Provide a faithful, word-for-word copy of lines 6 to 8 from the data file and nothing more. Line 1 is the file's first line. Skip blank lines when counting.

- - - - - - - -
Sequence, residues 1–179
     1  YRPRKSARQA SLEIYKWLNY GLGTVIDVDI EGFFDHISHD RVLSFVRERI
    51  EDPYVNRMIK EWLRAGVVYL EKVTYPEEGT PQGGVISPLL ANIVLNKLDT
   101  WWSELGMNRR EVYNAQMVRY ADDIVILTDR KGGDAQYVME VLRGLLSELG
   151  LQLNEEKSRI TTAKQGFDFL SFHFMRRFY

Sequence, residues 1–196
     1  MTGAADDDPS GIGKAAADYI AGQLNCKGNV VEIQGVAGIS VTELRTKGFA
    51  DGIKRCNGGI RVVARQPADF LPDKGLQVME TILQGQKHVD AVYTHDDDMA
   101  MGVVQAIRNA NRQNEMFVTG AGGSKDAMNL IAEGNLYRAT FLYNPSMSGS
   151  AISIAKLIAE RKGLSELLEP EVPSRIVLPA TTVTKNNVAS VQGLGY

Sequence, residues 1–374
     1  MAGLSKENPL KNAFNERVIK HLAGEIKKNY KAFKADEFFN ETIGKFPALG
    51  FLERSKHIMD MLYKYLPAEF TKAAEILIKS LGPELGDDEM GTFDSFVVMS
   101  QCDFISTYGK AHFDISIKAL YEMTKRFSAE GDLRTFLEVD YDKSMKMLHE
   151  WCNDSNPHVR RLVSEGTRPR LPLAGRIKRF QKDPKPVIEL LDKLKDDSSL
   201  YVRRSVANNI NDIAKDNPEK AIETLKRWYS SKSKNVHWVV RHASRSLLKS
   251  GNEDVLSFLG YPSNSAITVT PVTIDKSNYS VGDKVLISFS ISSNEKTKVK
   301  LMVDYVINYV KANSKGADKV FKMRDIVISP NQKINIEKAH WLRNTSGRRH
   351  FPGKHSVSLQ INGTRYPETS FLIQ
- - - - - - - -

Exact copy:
Sequence, residues 1–196
     1  MTGAADDDPS GIGKAAADYI AGQLNCKGNV VEIQGVAGIS VTELRTKGFA
    51  DGIKRCNGGI RVVARQPADF LPDKGLQVME TILQGQKHVD AVYTHDDDMA